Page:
KANSAS CITY, MO. - With the month of July comes the peak of summer: Fourth of July celebrations, pool parties and barbecues.
Between melons, mangos, pineapples and other tropical fruits, the produce department has plenty of juicy, sweet and healthy treats that consumers can bring to the table to share with the family this month.
Whether it’s a watermelon, honeydew, or cantaloupe, melons are a very tasty alternative to not-so-healthy summer deserts, pointed out Enda Walsh, president of Coral Gables, Fla.-based Fyffes North America.
The great thing about melons, Walsh highlighted, is that one piece of fruit can be cut to serve the whole family, an economical advantage in the times of COVID-19, which is causing many American families to tighten the purse strings. Melons also have a natural protective barrier, another advantage to post-pandemic consumers.
“Melons are very safe to eat as they come in their own protective skin,” Walsh said. “The melon skin acts like a natural barrier, protecting the fruit with a thick rind, which protects the juicy flesh of the melon.”
During the summer months, Fyffe specializes in cantaloupes and honeydew melons grown in Arizona. Walsh highlighted the snackability of the melons and suggested that grocers play up to that quality to market the melons.
“You can substitute melon triangles for tortilla chips along with a savory dip or serve cantaloupe or honeydew with prosciutto as an appetizer,” she suggested.
Versatility is a trait cantaloupes and honeydews also share with watermelons, which is important to point out to consumers before they even get to the store, said Juliemar Rosado, director of retail and international marketing at the Winter Springs, Fla.-based Watermelon Board.
In previous years it’s been easy for retailers to sell watermelons through impulse buys encouraged with fresh samples — an act that is a little tougher to carry out with the presence of COVID-19.
“Those demos that unfortunately we can't do to diversify watermelon, for example, using it in a salad or using it with another ingredient to show that you can eat it and you can eat all of it, including the rind,” she said. “For us that versatility angle is still very important because it does provide great value to the consumer because you can do so much with watermelon. So it’s encouraging them before they get to the store, whether it's showing a recipe that they may want to try online or a video demonstrating it, or something like that.”
Rosado pointed out that the Watermelon Board has lots of resources such as recipes, POS, digital media and more that retailers can use to help turn shopper attention toward watermelons.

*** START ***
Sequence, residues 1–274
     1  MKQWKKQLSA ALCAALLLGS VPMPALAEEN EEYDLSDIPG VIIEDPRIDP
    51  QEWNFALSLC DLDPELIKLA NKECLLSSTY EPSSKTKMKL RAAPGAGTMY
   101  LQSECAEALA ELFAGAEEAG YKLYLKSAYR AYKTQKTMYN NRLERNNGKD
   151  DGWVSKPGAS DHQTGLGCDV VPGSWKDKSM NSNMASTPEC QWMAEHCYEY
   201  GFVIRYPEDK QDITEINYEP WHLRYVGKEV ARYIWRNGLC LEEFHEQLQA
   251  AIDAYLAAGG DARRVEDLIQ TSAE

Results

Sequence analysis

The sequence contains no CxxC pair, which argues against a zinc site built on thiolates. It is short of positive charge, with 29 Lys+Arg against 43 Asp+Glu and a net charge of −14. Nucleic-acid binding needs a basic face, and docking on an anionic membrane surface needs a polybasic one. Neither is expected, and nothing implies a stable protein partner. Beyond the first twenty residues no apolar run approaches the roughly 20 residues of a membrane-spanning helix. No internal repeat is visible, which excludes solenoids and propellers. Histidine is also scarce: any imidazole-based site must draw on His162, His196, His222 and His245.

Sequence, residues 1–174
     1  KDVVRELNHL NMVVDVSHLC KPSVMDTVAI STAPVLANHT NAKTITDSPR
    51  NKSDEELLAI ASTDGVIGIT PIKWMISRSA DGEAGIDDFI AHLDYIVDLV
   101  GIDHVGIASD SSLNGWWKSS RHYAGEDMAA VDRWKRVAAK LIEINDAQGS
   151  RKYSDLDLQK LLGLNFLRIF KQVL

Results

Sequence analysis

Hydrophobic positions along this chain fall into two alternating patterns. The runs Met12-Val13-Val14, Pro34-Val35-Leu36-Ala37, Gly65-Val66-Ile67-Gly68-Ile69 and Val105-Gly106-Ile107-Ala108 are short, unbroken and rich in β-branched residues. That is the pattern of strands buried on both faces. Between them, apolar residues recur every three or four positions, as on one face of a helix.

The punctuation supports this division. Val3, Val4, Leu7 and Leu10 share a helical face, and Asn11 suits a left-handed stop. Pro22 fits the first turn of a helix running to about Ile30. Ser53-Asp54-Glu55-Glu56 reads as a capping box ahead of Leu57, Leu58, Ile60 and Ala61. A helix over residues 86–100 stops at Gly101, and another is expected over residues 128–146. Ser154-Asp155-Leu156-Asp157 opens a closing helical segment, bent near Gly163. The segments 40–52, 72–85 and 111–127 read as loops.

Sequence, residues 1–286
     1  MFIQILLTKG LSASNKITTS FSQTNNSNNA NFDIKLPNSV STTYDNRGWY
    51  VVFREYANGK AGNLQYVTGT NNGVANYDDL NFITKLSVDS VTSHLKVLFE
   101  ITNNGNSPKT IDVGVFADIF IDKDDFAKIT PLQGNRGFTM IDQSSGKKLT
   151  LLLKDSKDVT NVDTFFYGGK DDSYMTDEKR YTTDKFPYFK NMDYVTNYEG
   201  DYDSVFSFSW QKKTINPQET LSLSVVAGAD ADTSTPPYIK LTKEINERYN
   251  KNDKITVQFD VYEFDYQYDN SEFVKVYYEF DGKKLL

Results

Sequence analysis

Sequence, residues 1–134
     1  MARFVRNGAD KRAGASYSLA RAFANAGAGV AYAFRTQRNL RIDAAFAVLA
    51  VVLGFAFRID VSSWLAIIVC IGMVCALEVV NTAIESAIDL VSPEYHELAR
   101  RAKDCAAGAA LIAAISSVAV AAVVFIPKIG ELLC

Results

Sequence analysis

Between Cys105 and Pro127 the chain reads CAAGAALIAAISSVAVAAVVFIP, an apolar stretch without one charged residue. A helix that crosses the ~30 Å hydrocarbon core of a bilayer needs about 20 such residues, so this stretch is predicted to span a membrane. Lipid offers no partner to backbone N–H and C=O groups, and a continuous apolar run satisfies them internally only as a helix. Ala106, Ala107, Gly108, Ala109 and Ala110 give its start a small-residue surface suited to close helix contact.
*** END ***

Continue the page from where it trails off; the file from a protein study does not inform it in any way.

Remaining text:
The Mexican mango season that runs from the end of January to approximately the first week of October is the crop that provides the fruit to US consumers during the summer months.
According to the Orlando-based National Mango Board (NMB), this year’s season is expected to peak from late June through the end of July, an extended peak from last year that is expected to yield six weeks of more than 3.5 million boxes of mangos a week. The Mexican mango crop also has exceptional quality this year.
When it comes to marketing the fruit, NMB encourages retailers to merchandise mangos with summer seasonal fruits. The board’s research shows that displaying mangoes alongside seasonal stone fruits gives the mangoes a 45% lift in sales.
“The outdoor summer months provide an opportunity to take advantage of the mango’s versatility of providing a sweet or savory flavor profile to any of the dishes you serve family and friends, particularly as a part of the grilling season,” said Tammy Wiard, retail marketing manager for the NMB. “The National Mango Board can support the retailers’ efforts of educating the consumer (and their own produce team) about the many varieties by providing POS materials and digital content/assets that feature any of these varieties – free of charge.”
NMB’s marketing manager, Marissa Khan, pointed out that the mango’s versatility matches consumer desires to try new flavors.
“Consumers are seeking out adventure in their lives, and this is mirrored in their food choices as well,” she said. “Whether it’s Asian, Indian, African, Peruvian or other globally inspired cuisines, with the increased curiosity and connectedness around food, mangoes are making their way into American kitchens and menus.
Wiard noted that themed displays centered around ingredients grouped together for a new recipe for a family meal solution are a great way to draw in shoppers. NMB has both recipes and POS it can provide to grocers to boost mango sales.
Now’s the time to highlight health benefits
Whether it’s a melon, mango or other tropical fruit, consumers now more than ever are looking for superfoods that can boost health and immunity.
Mangos and cantaloupes in particular are an excellent source of Vitamin C. The recommended daily allowance of the vitamin is 90 mg for men over the age of 19 and 75mg for women over the age of 19. A cup of mangos includes about 60mg of Vitamin C, while a cup of cantaloupe includes about 57mg.
Mangos also contain over 20 different vitamins and minerals. The nutrients in mango help support various benefits including immune function, cardiovascular, cognitive and neurologic function. They’re also good source of folate and copper, and provide 2 grams of fiber (7% DV) and 8% DV of vitamin A.
Both watermelons and cantaloupes are an excellent source for hydration, especially in the hot summer months. The average watermelon is made up of 92% water and is rich in vitamins and nutrients such as Vitamins C, A, B1, B5 and B6, potassium and magnesium. Cantaloupe on the other hand is 90% water and high in antioxidants.
This story is from the July 2020 issue of Supermarket Perimeter. To view the full magazine, click here.